Name: John Castley.

Age: 51.

What is your business called?

Wild Hearth Bakery.

Where is it based?

Cultybraggan Prisoner of War Camp, Comrie, Perth and Kinross.

What does it produce?

We supply sourdough bread and pastries. Sourdough is our passion, and we relish the challenge of making products that we believe are far superior to their yeasted cousins. These include sourdough croissants, pain au chocolat and bomboloni (Italian custard-filled doughnuts) and sesame-crusted fruit bread.

To whom does it sell?

When the Covid-19 coronavirus pandemic hit we scrambled to turn our business model on its head. Ninety percent of our sales were wholesale to cafes, shops, restaurants, caterers and hotels, the other 10% being direct sales at farmers’ markets. In the space of two weeks we lost nearly all our wholesale customers, farmers’ markets closed, and yet we managed to make up all lost revenue by switching to home delivery.

That required very quick work on the IT front to repurpose our wholesale ordering system as a web shop, something we could do because both our head of operations and I had former IT careers. We also had a crash course in delivery logistics, requiring the adoption of routing software.

What is its turnover?

Approximately £400,000.

How many employees?


When was it formed?


What were you doing before you took the plunge?

Cooking was a big part of my childhood, having been raised by a Hungarian mother who was an exceptional cook. Her father had been a milling engineer and mill owner in Hungary before fleeing with his family at the end of World War Two, and became a successful restaurateur in Sydney. I began my baking career fresh from high school in 1987 when I worked for a year as an untrained but enthusiastic pastry cook at a wood-fired sourdough bakery in Melbourne Australia. But I had my sights set on university and did a degree in Asian Studies majoring in Mandarin Chinese at the Australian National University in Canberra. Within a few years I found myself working in the IT sector, as you do. For the last few years of my nearly twenty-year corporate career, I worked in mental health policy for the Australian government.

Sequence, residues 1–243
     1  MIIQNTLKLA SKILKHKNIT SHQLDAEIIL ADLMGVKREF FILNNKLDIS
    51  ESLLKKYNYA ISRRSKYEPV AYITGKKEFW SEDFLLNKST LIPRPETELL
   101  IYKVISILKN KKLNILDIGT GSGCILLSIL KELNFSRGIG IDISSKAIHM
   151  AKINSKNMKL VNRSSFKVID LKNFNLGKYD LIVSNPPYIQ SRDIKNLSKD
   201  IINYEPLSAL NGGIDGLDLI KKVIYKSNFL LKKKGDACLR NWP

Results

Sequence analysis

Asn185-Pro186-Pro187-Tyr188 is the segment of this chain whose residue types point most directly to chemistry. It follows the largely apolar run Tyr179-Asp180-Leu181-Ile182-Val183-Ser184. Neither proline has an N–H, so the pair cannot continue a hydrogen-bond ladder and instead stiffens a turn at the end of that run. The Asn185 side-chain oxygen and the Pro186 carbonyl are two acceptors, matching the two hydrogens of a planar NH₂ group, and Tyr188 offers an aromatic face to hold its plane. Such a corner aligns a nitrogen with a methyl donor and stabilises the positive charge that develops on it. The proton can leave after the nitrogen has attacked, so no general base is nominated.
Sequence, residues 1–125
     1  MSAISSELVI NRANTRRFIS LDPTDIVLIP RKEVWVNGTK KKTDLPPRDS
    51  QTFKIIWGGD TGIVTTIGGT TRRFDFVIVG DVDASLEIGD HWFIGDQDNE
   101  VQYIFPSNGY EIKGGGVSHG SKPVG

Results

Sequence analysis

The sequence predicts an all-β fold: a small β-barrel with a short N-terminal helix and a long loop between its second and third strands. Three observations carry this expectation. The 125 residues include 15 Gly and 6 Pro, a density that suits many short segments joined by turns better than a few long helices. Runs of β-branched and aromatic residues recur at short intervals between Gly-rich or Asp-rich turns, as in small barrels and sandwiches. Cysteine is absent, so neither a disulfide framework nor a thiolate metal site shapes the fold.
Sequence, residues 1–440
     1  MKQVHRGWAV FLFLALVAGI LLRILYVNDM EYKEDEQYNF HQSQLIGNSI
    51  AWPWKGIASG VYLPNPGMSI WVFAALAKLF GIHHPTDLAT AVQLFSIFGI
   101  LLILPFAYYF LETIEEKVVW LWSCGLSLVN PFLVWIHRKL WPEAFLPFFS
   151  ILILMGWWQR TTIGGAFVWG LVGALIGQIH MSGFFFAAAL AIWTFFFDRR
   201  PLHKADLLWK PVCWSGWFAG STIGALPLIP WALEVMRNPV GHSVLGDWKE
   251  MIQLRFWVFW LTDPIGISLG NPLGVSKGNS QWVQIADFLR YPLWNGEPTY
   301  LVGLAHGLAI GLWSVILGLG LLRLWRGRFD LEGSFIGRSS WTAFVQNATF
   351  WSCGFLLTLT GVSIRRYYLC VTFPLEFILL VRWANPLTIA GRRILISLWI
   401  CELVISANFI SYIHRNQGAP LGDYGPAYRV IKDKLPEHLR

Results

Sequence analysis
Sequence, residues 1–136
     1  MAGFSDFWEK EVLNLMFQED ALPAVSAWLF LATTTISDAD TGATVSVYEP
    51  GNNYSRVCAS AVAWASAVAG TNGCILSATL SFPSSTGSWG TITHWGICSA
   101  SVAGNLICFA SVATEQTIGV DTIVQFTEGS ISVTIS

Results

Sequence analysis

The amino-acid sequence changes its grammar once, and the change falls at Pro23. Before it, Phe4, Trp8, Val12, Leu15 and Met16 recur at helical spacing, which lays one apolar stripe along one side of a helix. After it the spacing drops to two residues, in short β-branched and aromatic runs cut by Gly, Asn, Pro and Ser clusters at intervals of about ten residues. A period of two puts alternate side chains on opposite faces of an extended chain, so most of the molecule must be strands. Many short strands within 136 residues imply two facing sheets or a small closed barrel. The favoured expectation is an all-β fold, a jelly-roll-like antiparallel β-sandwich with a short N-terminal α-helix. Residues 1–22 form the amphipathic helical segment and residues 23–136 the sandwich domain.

Why did you take the plunge?

My passion for cooking and baking niggled at me throughout my corporate career, and I took every opportunity to visit and work with artisan bakers I met over the years. I even built a wood-fired oven in my backyard. As I approached forty, I became increasingly restless and decided that if I didn’t jump to pursue a career in food, I would die regretting it. Finally, in 2010, aged 42, I retrained as a chef at Ballymalloe Cookery School in Ireland and worked for five years at a number of London restaurants, most notably with Theo Randall at the Intercontinental. In 2015, the pull of wilder landscapes and the opportunity to pursue my passion drew me to Scotland with my partner Caroline. Wild Hearth Bakery is the realisation of a lifelong dream.

How did you raise the start-up funding?

I used savings and a lot of my own labour. I didn’t apply for grants because I wanted to move fast and they all stipulated that work could not begin before a decision in several months’ time. I didn’t borrow at the time, though I have subsequently to expand.

What was your biggest break?

Being discovered by the late, great Andrew Fairlie, Scotland’s own two-star Michelin chef. He was a great supporter and opened many doors for us, and I’ll always be deeply grateful to him.

Free business coaching from GrowBiz in the first year was also a godsend, particularly because Enterprise Facilitator Bravo Nyamudoka had run his own food manufacturing business and knew exactly what I was going through. I can’t speak highly enough of the support I got from Growbiz during the crucial start-up phase.

What do you most enjoy about running the business?

I love so many things about it: The look and smell of sourdough bread and pastries, feedback from customers, my great team, the huge variety in my work.

What are your ambitions for the firm?

I have ambitious goals for the business. I’d like us to be a mover and shaker in the grain revolution bringing real bread made from locally grown grain into the mainstream. I’d like to engage much more with the community as part of that, and we’re in the process of setting up a network of community bread cooperatives.

What could the Westminster and/or Scottish governments do that would help?

The transformation of our business model was not without costs to the business and staff. At one point, we were so overwhelmed by the demands of home delivery that we had to stop operations for a week to regroup and redesign the way we worked. As it was only a one-week closure, I was not able to furlough staff, so I was very pleased to receive some assistance from the Scottish Government. I received a £10,000 grant under the Scottish Government’s Corona Virus Small Business Grant Fund and I have applied for a low interest, government-guaranteed Bounce Back Loan from the Royal Bank of Scotland

What was the most valuable lesson that you learned?

Find excellent people and give them responsibility.